I find it telling to see that Texas municipalities are lobbying against tax reduction legislation, while citizens are advocating for it.
In yet another example of city priorities taking precedence over those of its citizens, the Town of Sunnyvale’s town council approved by a 6-0 vote a resolution to keep the town’s property tax rollback rate at its current level of 8 percent — putting everyone on notice that the town opposes the property tax reduction legislation currently being debated in the Texas Legislature.
Their unanimous vote on February 11 showed that the council is not willing to allow the citizens of the town to have a voice on tax increases over the lower 2.5 percent trigger being debated in the legislature.
It was a major disappointment to see what is supposed to be a conservative town council act in this manner. While council members across Texas struggle to find the funding for a variety of municipal needs, too many forget that they are elected by and represent individual people, not cities and towns.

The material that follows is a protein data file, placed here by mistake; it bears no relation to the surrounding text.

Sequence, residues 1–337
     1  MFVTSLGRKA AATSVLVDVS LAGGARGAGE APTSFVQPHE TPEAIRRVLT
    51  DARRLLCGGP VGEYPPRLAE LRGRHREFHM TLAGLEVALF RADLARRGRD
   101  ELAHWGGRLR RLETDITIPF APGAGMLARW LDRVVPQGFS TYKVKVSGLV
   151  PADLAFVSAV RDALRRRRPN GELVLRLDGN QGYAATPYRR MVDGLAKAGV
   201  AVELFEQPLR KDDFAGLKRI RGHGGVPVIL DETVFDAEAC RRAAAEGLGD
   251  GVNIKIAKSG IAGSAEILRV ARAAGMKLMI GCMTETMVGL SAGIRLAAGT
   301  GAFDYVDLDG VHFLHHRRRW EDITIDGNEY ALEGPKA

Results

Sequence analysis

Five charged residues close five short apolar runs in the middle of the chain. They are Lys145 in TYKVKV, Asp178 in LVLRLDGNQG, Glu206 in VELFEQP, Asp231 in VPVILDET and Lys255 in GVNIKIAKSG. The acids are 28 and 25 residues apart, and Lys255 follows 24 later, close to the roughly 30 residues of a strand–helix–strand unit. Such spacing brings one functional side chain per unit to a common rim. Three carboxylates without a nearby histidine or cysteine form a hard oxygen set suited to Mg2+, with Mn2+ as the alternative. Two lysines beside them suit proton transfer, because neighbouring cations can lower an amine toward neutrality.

As our elected representatives, we expect them to wisely use the money we have authorized, distinguishing between “needs” and “wants.” However, we have not authorized them to raid the piggy bank whenever they feel the municipality needs more revenue.
Despite the hue and cry from municipalities, this legislation is not about capping property tax increases; it is about ensuring citizens have a greater voice in taxation and are willing to authorize more spending. Given the heavy property tax burden we now carry, what can be more sensible?
In reality, this discussion should be over how to reduce our heavy property tax burden, rather than how to just limit its increase.
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